Science

8:13am

Wed July 24, 2013
Krulwich Wonders...

Who Does A Better Wave? Sports Fans Or Hippos?

Originally published on Wed July 24, 2013 10:43 am

Robert Krulwich NPR

Professor William Barklow was on vacation when this happened. He was in Tanzania sitting on a river bank gazing about, when all of a sudden a hippopotamus pushed its head out of the river right in front of him, opened its huge mouth and bellowed.

It was really loud. Barklow could feel sound waves hitting his chest, his neck; he could hear the cry echoing along the riverbank. He knew next to nothing about hippos being himself a bird man, a specialist on the North American loon, but he was intrigued by what happened next.

Hippo Chorusing

Read more

3:04am

Wed July 24, 2013
Code Switch

Being In The Minority Can Cost You And Your Company

Originally published on Wed July 24, 2013 11:59 am

The racial wage gap in the United States — the gap in salary between whites and blacks with similar levels of education and experience — is shaped by geography, according to new social science research.

The larger the city, the larger the racial wage gap, according to researchers Elizabeth Ananat, Shihe Fu and Stephen L. Ross, whose findings were recently published by the National Bureau of Economic Research.

Read more

6:16pm

Tue July 23, 2013
Animals

Nevada Wildfire Could Snuff Out A Rare Butterfly

Originally published on Tue July 23, 2013 7:10 pm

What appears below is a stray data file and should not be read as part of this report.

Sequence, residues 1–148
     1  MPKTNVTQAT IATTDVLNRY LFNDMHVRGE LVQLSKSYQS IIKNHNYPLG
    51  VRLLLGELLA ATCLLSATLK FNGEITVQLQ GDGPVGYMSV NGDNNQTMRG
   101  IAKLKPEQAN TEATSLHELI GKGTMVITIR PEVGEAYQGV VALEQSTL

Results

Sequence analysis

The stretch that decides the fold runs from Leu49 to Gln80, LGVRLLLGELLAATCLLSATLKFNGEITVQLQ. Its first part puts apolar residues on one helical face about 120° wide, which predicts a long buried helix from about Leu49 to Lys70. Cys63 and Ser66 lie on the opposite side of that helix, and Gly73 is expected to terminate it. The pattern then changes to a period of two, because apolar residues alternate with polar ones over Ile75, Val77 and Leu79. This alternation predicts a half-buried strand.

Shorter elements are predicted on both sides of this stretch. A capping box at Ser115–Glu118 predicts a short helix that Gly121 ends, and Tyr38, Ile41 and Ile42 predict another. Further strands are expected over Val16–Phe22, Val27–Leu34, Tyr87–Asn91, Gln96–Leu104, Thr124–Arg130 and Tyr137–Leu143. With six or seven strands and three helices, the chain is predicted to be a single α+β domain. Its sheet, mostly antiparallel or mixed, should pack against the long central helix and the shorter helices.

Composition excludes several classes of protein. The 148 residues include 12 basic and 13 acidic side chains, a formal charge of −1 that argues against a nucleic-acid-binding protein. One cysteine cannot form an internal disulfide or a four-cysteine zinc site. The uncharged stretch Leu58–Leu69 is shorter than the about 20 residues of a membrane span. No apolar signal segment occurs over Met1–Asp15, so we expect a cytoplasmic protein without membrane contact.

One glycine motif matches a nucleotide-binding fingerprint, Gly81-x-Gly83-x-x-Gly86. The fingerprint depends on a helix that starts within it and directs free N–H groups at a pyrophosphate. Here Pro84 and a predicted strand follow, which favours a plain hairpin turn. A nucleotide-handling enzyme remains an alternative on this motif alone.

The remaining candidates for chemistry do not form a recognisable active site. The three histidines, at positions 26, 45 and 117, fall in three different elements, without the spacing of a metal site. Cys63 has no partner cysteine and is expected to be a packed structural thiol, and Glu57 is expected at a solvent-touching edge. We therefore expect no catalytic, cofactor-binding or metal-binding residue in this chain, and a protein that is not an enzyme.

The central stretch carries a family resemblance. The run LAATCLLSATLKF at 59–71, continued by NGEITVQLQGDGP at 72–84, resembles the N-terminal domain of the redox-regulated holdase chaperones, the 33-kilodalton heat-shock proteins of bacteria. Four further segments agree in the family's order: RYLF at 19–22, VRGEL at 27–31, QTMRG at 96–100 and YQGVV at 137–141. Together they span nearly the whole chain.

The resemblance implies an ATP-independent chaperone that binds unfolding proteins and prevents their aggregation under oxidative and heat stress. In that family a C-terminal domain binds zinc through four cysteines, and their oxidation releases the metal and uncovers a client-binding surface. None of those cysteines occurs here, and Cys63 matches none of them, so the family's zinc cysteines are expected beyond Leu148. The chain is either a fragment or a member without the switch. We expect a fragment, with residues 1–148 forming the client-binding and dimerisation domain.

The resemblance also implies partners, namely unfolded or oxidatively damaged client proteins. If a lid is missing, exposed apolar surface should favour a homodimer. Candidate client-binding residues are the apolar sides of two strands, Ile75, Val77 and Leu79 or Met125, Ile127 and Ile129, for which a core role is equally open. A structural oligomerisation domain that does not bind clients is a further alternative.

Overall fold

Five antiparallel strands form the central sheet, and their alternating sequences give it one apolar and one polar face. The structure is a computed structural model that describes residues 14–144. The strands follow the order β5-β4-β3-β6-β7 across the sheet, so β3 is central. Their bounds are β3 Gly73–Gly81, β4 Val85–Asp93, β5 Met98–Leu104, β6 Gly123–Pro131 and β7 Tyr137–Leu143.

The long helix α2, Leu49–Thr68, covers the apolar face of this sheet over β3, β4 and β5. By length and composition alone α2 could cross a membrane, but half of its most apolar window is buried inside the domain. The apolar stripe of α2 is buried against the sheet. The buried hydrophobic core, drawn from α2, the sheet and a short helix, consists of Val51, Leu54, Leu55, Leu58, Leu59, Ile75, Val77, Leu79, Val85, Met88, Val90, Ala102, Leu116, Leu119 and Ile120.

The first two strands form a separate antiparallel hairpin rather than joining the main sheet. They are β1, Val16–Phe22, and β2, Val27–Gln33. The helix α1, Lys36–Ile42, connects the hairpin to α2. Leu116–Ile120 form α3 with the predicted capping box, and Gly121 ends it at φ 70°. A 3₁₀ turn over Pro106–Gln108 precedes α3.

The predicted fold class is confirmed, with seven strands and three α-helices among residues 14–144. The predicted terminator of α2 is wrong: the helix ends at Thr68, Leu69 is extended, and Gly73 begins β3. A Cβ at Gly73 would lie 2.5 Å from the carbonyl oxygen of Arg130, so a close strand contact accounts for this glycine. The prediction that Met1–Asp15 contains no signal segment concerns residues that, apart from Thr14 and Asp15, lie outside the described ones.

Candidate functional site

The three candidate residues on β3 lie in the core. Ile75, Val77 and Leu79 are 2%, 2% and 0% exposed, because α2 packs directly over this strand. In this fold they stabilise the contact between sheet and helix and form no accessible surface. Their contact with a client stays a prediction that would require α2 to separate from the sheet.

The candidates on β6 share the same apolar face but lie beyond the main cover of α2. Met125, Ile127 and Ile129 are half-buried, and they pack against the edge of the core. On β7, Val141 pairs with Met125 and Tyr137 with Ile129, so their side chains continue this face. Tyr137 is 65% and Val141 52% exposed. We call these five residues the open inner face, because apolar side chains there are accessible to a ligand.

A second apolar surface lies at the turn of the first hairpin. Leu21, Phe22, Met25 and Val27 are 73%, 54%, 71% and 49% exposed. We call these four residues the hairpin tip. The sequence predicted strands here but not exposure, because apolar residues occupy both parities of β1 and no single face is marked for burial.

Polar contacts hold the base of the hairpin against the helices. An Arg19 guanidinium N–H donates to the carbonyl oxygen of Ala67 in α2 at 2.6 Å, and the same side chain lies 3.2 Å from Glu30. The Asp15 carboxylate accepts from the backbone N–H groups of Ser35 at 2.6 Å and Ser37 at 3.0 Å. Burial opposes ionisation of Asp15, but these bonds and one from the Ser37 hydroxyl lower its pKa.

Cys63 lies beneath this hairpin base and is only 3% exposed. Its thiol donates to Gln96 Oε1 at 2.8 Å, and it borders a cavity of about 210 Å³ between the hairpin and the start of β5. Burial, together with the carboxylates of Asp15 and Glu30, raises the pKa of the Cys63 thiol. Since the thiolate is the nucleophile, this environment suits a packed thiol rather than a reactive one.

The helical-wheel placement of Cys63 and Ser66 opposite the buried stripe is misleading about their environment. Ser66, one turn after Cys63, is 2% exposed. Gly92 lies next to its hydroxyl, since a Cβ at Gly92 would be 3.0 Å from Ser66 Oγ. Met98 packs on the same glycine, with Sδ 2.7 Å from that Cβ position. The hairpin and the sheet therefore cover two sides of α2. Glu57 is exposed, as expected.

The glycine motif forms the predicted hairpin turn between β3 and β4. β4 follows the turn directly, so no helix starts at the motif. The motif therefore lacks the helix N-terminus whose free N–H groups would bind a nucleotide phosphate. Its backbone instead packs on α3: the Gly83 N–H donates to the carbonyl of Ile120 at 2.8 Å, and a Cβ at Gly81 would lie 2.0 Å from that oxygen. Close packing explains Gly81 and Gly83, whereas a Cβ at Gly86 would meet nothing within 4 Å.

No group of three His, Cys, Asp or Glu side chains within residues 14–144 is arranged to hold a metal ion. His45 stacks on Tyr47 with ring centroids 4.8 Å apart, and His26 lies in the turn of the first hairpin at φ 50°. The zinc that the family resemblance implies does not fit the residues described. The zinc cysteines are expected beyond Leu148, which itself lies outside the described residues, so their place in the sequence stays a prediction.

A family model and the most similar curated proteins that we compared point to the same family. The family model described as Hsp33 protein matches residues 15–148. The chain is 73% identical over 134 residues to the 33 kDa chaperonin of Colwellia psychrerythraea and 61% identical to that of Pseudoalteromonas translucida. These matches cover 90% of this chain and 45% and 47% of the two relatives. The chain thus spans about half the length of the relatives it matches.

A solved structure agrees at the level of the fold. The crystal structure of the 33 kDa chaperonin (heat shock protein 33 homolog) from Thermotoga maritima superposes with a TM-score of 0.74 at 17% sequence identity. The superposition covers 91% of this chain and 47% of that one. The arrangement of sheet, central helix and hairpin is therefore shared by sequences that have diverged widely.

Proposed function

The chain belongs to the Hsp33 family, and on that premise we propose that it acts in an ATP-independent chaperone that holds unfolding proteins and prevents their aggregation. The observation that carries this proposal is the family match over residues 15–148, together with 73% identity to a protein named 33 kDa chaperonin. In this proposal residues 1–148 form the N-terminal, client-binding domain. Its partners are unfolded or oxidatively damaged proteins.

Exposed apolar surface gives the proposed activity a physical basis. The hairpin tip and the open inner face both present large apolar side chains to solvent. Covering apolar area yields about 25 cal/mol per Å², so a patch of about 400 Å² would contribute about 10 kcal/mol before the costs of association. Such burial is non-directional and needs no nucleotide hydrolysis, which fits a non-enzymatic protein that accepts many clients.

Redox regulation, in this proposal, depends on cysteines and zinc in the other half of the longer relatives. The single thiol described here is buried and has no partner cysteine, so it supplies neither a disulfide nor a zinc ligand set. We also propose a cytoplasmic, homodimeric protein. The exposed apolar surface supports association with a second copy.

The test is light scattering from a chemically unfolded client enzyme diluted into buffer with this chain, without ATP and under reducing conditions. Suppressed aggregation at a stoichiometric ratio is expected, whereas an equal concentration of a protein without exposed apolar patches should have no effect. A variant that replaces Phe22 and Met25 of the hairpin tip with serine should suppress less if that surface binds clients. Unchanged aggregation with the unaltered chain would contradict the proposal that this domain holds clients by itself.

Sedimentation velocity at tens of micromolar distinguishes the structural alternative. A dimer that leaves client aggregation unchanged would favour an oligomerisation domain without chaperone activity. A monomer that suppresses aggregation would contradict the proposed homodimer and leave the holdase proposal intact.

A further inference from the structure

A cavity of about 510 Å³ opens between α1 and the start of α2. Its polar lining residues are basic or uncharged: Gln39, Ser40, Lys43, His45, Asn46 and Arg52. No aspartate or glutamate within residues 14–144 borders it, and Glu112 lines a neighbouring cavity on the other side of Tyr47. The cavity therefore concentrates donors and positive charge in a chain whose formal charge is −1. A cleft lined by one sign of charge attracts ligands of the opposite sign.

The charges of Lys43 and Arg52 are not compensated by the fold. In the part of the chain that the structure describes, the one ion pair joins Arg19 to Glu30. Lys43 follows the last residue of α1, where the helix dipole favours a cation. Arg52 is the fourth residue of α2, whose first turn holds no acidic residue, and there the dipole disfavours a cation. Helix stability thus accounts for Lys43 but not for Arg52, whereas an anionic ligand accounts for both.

The Mount Charleston blue butterfly is a rare species found only in a few small areas high up in Nevada's Spring Mountains.
Corey Kallstrom USFWS

A big wildfire in a mountain range just west of Las Vegas has put at risk the Mount Charleston blue butterfly, a rare species found in the U.S.

The fire is dying down, but it may be weeks before experts can get to the remarkable area where this butterfly lives to see if it made it through.

Read more

4:30pm

Tue July 23, 2013
13.7: Cosmos And Culture

Can You Trust A Robot? Let's Find Out

Originally published on Tue July 23, 2013 4:47 pm

While Hollywood has firmly planted the idea in our minds that robots may very well turn out to be evil, academic research into dangerous interactions between humans and robots has only just begun.
The Halcyon Company The Halcyon Company

When they come — and they are coming — will the robots we deploy into human culture be capable of evil? Well, perhaps "evil" is too strong a word. Will they be capable of inflicting harm on human beings in ways that go beyond their programing?

While this may seem like a question for the next installment of The Terminator franchise (or The Matrix or whatever, pick your favorite), it's a serious question in robotics and it's being taken up by researchers now.

Read more

4:13pm

Tue July 23, 2013
Space

NASA Uses Photo Of Earth From Saturn To Boost Space Interest

Originally published on Tue August 27, 2013 11:29 am

Transcript

MELISSA BLOCK, HOST:

This week, NASA is trying to do its part to raise science literacy. To give people a better understanding of Earth's position in the solar system, the agency's posted a picture of our planet taken from a billion miles away, give or take 100 million miles or so. And joining me now to talk about the picture, and why NASA took it, is NPR's Joe Palca. Joe, good to see you.